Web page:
Technical Communication

Planning Communication

PURPOSE

  1. Write a 1-2 sentence purpose statement. This may be the first few lines of the first draft.
  2. Write the desired response from the reader. The response statement may not go directly in the document.

AUDIENCE

The goal as a writer is to make it easy for the audience to consume your information.

  1. Write down what is known about the audience: educational/technical background, what question do they need to answer for themselves, what decisions will they make.
  2. Focus on the decision makers.
  3. What is your audience trying to accomplish

Types of readers

General readers and managers need to be assured that all important information is present in the document, and that they are able to understand it.

Personas

Technique: create detailed personas that represent classes of persons in the audience.

RESEARCH

TOOLS & TECHNIQUES

Delivery Media

ETHICS

Intellectual Property

Copyright only protects word for word copies.

Don't assume that content is free.

Fair Use

Ethics vs. Legality

They don't always match up.

Warnings and Cautions in documentation may have legal implications

Leave legal crap to the lawyers

DOCUMENT ORGANIZATION

Write different parts of the document for the different types of readers. The larger the document, the less likely that anyone will read all of it. Most readers will read the introduction, conclusion and any section specifically tailored to them. They will then return to read or reread other sections as needed.

Emphasis beginnings and endings: make it easy for the reader to find necessary information.

Because no one will read the entire document, important information must be repeated in different sections.

Abstract

Body

Conclusion

The conclusion should repeat the major results of the document and suggest a response or decision by the reader.

Collaboration

Collaboration In Writing

Teamwork

Visual Design

Page Design

Navigation

Fonts

Graphics

Always determine the purpose of a graphic before spending resources producing one.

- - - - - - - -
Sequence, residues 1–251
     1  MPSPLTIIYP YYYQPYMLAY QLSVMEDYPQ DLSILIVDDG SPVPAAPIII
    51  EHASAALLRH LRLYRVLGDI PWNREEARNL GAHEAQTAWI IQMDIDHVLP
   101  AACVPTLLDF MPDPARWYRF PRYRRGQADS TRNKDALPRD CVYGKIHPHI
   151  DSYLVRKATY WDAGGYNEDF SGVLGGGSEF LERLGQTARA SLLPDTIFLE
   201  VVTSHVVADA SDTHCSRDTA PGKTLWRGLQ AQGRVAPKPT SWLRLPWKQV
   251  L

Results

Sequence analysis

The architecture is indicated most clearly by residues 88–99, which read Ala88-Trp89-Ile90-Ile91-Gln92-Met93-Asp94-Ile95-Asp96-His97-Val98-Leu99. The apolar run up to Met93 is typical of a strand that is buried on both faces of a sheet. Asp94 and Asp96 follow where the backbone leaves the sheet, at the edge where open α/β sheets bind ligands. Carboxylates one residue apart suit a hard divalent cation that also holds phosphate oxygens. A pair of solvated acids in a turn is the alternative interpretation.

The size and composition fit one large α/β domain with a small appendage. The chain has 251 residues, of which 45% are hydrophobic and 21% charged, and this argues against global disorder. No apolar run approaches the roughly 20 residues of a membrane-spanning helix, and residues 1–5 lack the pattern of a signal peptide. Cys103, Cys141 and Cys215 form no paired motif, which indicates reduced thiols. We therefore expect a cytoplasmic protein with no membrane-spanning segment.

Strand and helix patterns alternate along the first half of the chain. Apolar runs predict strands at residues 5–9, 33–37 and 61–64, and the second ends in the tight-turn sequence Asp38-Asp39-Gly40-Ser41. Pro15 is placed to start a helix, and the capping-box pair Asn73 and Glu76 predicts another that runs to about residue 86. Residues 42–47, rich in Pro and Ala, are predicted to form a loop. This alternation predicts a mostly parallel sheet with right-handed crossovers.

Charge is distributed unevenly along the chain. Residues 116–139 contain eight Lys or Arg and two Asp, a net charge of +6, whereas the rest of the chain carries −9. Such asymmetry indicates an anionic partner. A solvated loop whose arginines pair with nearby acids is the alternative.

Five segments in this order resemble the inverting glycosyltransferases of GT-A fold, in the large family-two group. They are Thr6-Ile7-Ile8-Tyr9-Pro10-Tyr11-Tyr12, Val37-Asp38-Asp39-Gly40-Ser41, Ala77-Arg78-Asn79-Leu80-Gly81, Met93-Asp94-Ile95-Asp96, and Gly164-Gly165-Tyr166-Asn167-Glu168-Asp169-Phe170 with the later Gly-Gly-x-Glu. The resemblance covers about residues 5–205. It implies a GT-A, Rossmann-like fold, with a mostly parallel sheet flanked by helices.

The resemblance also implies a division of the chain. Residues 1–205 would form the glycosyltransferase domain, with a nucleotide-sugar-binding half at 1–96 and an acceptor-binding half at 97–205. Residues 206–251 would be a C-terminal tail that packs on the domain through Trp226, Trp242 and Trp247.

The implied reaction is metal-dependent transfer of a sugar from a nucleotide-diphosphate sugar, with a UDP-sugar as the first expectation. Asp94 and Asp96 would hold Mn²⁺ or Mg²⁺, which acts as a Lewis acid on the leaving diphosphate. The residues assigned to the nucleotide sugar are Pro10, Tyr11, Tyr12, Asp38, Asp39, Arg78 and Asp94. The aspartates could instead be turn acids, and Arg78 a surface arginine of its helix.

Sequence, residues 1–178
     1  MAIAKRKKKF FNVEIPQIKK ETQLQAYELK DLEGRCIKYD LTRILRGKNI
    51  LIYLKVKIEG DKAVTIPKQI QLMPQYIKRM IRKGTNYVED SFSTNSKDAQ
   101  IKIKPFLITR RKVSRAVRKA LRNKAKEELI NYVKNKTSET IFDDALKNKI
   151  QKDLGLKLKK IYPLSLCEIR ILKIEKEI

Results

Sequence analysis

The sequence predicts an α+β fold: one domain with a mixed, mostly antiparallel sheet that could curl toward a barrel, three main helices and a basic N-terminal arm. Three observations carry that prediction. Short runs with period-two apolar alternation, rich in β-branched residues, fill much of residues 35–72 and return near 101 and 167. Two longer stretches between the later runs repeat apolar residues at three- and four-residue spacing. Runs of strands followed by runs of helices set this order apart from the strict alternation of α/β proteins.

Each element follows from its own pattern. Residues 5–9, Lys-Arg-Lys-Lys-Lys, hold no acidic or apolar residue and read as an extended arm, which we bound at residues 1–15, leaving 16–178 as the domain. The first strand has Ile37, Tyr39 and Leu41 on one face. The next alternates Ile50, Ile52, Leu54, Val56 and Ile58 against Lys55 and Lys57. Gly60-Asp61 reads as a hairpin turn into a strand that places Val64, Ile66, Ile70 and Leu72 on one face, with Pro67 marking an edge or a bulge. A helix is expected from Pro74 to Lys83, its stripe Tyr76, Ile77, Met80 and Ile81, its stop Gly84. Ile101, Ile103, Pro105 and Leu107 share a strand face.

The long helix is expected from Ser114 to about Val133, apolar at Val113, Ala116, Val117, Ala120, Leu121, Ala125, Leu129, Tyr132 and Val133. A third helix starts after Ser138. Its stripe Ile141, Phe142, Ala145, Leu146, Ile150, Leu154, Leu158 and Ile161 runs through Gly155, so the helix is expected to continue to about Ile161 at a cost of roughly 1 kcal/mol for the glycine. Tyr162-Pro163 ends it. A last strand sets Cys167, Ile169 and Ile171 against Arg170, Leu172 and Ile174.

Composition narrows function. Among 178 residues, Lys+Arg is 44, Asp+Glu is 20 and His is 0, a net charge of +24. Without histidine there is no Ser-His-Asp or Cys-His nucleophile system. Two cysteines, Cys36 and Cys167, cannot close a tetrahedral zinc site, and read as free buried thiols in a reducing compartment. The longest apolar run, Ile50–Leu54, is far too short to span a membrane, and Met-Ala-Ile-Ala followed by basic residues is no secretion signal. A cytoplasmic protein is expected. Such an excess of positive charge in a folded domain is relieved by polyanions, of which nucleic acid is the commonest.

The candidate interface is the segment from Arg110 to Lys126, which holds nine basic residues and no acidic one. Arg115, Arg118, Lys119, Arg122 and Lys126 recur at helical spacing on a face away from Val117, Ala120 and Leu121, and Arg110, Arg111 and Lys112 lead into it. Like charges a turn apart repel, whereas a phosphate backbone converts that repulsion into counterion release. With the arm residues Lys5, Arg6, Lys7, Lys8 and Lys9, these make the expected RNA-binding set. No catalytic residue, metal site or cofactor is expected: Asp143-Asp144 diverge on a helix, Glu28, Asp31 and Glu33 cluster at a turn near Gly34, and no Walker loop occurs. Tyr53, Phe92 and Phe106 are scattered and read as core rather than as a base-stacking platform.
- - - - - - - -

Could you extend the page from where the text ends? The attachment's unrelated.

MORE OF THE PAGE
Always refer to and explain graphics in the text. The information must be relevant to the topic of the text if it is to be useful.

Illustrations

Photos

Tables

Pie Charts

Bar Charts

Line Charts

Flowcharts

Misuse Of Graphics

Computers In Visual Design

Letters, Memos, And Electronic Communication

General Correspondence

Positive Correspondence

Negative Correspondence

Neutral Correspondence

Letters

Memoranda

E-Mail

Definitions & Descriptions

Definitions

Descriptions

Descriptions provide more information than a definition.

Process Explanations & Instructions

Reports

In General

Informal Reports

Formal Reports

Common Report Types

Proposals

Informal Proposals

Formal Proposals

Presentations

General format:

  1. Introduce Yourself
  2. Tell your audience what you are going to tell them. Outline the presentation and hint at the conclusions that will be drawn. Give a time frame for the presentation.
  3. Give the presentation
  4. Conclusion: tell the audience what you told them. Re-iterate major points.

The Job Search

Researching Companies

Correspondence

Letters

Resumes

Interviews

Preparation

Performance

Follow-Up Letters

Style In Technical Communication

Writing Clarity

Concision

Accuracy

Active Voice

Sexism

Plain English & Simplified English